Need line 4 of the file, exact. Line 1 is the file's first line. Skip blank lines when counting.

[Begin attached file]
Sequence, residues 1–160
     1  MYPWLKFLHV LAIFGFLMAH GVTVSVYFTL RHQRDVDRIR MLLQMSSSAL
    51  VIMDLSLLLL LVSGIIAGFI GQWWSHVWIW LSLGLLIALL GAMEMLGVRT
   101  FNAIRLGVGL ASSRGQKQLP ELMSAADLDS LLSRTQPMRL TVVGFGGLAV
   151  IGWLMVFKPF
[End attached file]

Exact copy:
   101  FNAIRLGVGL ASSRGQKQLP ELMSAADLDS LLSRTQPMRL TVVGFGGLAV